“But ye are not in the flesh, but in the Spirit, if so be that the spirit of God dwell in you. Now if any man have not the Spirit of Christ, he is none of his. And if Christ be in you, the body is dead because of sin; but the spirit is life because of righteousness.” (Romans 8:9-10)
In the Parable of the True Vine, Jesus Christ teaches us that without Him we have no power to do good works. He said:
“Abide in me, and I in you. As the branch cannot bear fruit of itself, except it abide in the vine; no more can ye, except ye abide in me. I am the vine, ye are the branches: He that abideth in me, and I in him, the same bringeth forth much fruit: for without me ye can do nothing.”
As we seek a daily portion of God’s spirit to abide with us, and offer for a sacrifice to the Lord a broken heart and a contrite spirit, in the process of time we will be blessed with a new heart. As this change occurs within us, our actions, our words, our thoughts, and the desires of our heart will be brought into alignment with God’s will. And the day will come when we can say, as did the Nephites when King Benjamin gave his address, that because of the Spirit of the Lord, a mighty change has been wrought in our hearts, and we have no more disposition to do evil, but to do good continually.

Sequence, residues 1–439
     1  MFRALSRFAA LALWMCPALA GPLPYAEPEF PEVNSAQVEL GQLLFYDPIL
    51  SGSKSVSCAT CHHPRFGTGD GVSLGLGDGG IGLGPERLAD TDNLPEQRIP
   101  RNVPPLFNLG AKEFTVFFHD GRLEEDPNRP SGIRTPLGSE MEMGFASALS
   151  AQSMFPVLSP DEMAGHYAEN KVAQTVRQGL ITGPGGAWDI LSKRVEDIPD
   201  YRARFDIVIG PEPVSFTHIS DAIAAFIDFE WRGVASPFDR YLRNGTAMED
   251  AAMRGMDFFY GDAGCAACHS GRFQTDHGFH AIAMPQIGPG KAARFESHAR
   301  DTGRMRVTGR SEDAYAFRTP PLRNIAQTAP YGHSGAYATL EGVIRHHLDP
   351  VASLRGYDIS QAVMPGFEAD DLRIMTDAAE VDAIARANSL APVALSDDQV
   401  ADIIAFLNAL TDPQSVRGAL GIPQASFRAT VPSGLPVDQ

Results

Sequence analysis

I say these things in the name of Jesus Christ, Amen.
[Stake Conference, April 2019, General Session]
As this conference comes to a close, I would like to offer an encouraging word…
Men (and women) are that we might have joy. Can we really have joy in this life? Not very well if we think joy is the result of everything going perfectly (or nearly perfectly) in our lives. Joy does not come from living the life that everybody else is trying say they live through their social media. Joy does not come from being outwardly attractive or popular or financially successful. It doesn’t come from being healthy, though we should strive to be healthy. It doesn’t come from being good at something, though we should strive to be good at many good things. It doesn’t come from serving in a particular calling, though we should all strive to serve well. It doesn’t come from being righteous.
Where does joy come from?
Toward the end of King Benjamin’s sermon, his people humbly cry out for mercy and for the atonement of Christ to be applied to them. Here is what happens next: